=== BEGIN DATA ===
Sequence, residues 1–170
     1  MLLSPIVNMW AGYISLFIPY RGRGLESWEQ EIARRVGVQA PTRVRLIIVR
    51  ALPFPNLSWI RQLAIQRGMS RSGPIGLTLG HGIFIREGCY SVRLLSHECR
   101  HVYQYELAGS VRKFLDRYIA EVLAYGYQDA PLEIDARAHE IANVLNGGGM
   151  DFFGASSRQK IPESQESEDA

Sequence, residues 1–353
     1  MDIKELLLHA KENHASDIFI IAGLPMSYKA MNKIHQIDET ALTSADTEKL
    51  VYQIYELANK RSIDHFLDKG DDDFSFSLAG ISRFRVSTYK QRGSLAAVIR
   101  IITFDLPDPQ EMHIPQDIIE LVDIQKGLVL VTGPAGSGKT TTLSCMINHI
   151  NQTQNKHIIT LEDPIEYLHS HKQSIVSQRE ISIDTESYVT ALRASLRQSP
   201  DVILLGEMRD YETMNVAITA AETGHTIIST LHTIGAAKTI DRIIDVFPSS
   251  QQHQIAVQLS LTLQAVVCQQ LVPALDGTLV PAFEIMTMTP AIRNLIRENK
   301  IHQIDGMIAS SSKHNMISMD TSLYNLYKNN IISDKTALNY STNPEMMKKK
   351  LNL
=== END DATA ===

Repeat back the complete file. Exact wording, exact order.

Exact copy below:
Sequence, residues 1–170
     1  MLLSPIVNMW AGYISLFIPY RGRGLESWEQ EIARRVGVQA PTRVRLIIVR
    51  ALPFPNLSWI RQLAIQRGMS RSGPIGLTLG HGIFIREGCY SVRLLSHECR
   101  HVYQYELAGS VRKFLDRYIA EVLAYGYQDA PLEIDARAHE IANVLNGGGM
   151  DFFGASSRQK IPESQESEDA

Sequence, residues 1–353
     1  MDIKELLLHA KENHASDIFI IAGLPMSYKA MNKIHQIDET ALTSADTEKL
    51  VYQIYELANK RSIDHFLDKG DDDFSFSLAG ISRFRVSTYK QRGSLAAVIR
   101  IITFDLPDPQ EMHIPQDIIE LVDIQKGLVL VTGPAGSGKT TTLSCMINHI
   151  NQTQNKHIIT LEDPIEYLHS HKQSIVSQRE ISIDTESYVT ALRASLRQSP
   201  DVILLGEMRD YETMNVAITA AETGHTIIST LHTIGAAKTI DRIIDVFPSS
   251  QQHQIAVQLS LTLQAVVCQQ LVPALDGTLV PAFEIMTMTP AIRNLIRENK
   301  IHQIDGMIAS SSKHNMISMD TSLYNLYKNN IISDKTALNY STNPEMMKKK
   351  LNL